We need to create a buildspec file to tell AWS CodeBuild how we want to run the collection. Before running the collection we need to install newman npm package in pre_build phase and then call newman cli with the collection we want to run in the build phase. We can also specify report options to generate HTML file at the end. We will upload this file to S3 after CodeBuild executes the collection:


Commit & Push the collection and buildspec file to CodeCommit in master branch

You can find the collection and buildspec file used for this example at https://github.com/upgundecha/postman-sample

Step 3 – Creating an S3 Bucket to save report

Let’s create an S3 bucket to save the report file generated by the newman. We can use this file to publish the results.

From AWS Console > Storage > S3 create a new bucket named postmanreport (you will need to use a unique name). You can enable version control on S3 bucket to see historical reports.


Step 4 – Creating an AWS CodeBuild Project

We will use CodeBuild to fetch the changes from CodeCommit and run the collection using newman. We already have buildspec file which has a sequence for execution.

From AWS Console > Developer Tools > CodeBuild create a project named postman-sample.

Set Source Provider as AWS CodeCommit and Repository as postman-sample:


We need an environment to run the build job. Let’s configure the Ubuntu/Node.js environment and Artefacts settings as shown in below screenshot:


Next, we need to configure a Service role. Create a new service role and click Continue


The CodeBuild project is ready. We can test this project by manually starting the build.


Step 5 – Bringing it together with AWS CodePipeline

Finally, we need to create a new AWS CodePipleine to trigger the CodeBuild when a new change is pushed to CodeCommit.

From AWS Console > Developer Tools > CodePipeline create a pipeline named postman-sample:

Picture12.pngConfigure the Source Location as AWS CodeCommit as shown in below screenshot:

Picture13.pngConfigure the Build provider as AWS CodeBuild with the CodeBuild project created in Step 4 above as shown in below screenshot:

Picture14.pngWe just want to run tests and stop there for now. We will not deploy anything in this project so we will select No Deployment option in Deploy section as shown in below screenshot:

Picture15.pngFinally, we need to configure AWS Service role as shown in below screenshot:

Picture16.pngThis will take you to IAM to define the new role:

Picture17.pngBack in CodePipeline make sure the role is specified:


Review the CodePipeline configuration and create the pipeline.


You will see the Pipeline created success message. You can try invoking the newly created Pipeline by clicking the Release Change button:


Once the Pipeline is executed you will see a both Source and Build stages in Green (unless there are any errors) as shown in below screenshot:


After a successful run, you can go and check the S3 bucket to view the report.


Newman generates a nicely formatted report as shown in below screenshot:


You can also configure a Lambda function or SNS to send a notification along with the report.

Adding Swagger UI support to Spring Boot REST API Project

Recently I was working on a project to build REST API using Spring Boot framework. I was looking for a way to document the service and all the operations supported by the service in an easy way. I used Swagger to document the API with really simple configurations.

Swagger does an awesome job to document your APIs directly from the source code.

The documentation and Swagger’s interactive Web UI helps users to explore the API, try supported operations with different input values and look at the output from the operation or any validations that are configured for the operation. My tester colleagues really liked this API playground.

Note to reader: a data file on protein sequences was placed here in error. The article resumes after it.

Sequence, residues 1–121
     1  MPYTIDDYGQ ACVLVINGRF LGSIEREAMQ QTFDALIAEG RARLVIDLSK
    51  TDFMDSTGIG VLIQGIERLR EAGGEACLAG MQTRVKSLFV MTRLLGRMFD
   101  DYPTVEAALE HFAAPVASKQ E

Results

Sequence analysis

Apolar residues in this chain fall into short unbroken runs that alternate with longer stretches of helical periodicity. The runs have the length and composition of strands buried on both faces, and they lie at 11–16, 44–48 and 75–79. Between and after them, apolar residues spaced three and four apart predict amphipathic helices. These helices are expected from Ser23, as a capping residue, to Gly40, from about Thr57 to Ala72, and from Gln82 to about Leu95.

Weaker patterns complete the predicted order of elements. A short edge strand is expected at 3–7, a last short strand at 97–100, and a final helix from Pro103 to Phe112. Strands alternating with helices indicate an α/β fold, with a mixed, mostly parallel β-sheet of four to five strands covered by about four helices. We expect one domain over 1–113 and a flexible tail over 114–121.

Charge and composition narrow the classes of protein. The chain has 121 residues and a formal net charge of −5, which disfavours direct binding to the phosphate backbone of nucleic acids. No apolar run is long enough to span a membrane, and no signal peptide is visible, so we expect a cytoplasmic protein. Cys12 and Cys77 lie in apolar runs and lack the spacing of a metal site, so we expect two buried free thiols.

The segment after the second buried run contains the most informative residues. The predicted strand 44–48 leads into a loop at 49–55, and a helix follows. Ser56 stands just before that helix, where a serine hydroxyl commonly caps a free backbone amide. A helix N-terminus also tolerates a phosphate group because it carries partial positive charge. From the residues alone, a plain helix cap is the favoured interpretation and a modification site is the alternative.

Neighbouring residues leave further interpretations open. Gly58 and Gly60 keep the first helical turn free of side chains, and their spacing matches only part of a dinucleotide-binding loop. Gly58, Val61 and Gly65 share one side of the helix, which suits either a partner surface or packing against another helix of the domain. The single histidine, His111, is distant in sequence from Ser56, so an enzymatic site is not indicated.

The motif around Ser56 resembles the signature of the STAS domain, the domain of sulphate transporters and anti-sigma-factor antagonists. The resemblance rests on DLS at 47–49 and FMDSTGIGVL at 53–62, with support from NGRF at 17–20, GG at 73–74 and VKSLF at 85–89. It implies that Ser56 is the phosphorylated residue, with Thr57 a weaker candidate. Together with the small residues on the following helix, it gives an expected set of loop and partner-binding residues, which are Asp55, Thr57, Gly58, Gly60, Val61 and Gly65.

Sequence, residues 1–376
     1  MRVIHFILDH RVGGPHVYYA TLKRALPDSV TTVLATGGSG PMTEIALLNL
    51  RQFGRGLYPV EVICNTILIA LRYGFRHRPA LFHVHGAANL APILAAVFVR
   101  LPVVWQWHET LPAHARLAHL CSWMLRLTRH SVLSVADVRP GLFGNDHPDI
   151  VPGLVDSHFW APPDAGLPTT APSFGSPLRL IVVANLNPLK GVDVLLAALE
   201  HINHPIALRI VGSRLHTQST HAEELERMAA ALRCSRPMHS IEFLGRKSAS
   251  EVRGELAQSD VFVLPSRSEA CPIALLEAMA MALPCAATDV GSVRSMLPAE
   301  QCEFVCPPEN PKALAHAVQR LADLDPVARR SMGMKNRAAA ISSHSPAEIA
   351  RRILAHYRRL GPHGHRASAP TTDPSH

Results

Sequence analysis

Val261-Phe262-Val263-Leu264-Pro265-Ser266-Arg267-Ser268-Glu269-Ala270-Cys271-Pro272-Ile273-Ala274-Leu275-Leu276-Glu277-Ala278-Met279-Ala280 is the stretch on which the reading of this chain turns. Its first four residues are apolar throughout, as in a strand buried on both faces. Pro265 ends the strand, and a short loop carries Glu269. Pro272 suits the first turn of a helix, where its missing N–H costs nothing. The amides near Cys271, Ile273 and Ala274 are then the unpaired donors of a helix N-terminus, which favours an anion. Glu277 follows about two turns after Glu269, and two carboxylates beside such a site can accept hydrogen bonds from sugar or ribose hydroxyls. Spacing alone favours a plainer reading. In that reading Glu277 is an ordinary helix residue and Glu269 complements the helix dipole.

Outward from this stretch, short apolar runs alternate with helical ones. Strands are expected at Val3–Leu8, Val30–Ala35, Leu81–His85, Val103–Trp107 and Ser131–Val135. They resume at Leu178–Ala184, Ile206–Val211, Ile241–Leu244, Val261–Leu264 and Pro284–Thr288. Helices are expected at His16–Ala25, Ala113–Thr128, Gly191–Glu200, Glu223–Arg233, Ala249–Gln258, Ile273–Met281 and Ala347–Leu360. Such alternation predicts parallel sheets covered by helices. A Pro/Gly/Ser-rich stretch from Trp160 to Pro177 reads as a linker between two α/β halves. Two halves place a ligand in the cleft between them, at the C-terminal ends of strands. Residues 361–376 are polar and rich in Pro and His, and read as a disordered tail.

Let’s explore steps to configure Swagger UI on an existing project.

In order to setup Swagger UI with the project, we will use Springfox library. The Springfox library enables Swagger by scanning the application, at runtime to infer API semantics based on Spring configurations, class structure and various compile time java Annotations. To get started with Springfox, we need to add following dependencies to POM (I’m using Maven for this project):


Next, we need to configure Docket bean in the Application class which will do the rest of the magic:

public Docket simpleDiffServiceApi() {
  return new Docket(DocumentationType.SWAGGER_2)


This will scan the service (in this example the Calculator service request handlers). We also need to pass the API info object which is used to configure API details like Tile, Description, Version, Developer Information etc. See the Springfox docs for more configuration options.

private ApiInfo apiInfo() {
  return new ApiInfoBuilder()
  .title("A simple calculator service")
  .description("A simple calculator REST service made with Spring Boot in Java")
  .contact(new Contact("Unmesh Gundecha", "http://unmesh.me", "upgundecha@gmail.com"))

Here is the Controller class for the Calculator Service with request handler for the add operation:

public class CalculatorController {

  private Calculator calculatorService;

  @RequestMapping(value = "calculator/add", method = RequestMethod.POST)
  public Result add(@RequestBody Values values) {
  int result = calculatorService.add(values.getFirstNumber(),
  return new Result(result);

That’s it. Let’s run this service using

mvn spring-boot:run

This will launch the application. Navigate to http://localhost:8080/swagger-ui.html in a Browser window. This will show the Swagger UI with the service details. In this example it will show the Calculator service with add operation as shown in below screenshot:


Let’s open the /api/v1/calculator/add operation. This will show details about this operation as shown in below screenshot:


Users can try the add operation or any other operation provided by the service by submitting parameters and using the Try it out! button on the form. Here is add operation in action:


Operations can also be further explained using various Swagger Annotations like @ApiOperation, @ApiResponse etc.

You can also define a new API from scratch in Swagger format and generate source code in over dozen different frameworks supported by the Swagger. You can play with Swagger Editor and Swagger Codegen for building new APIs at Swagger Editor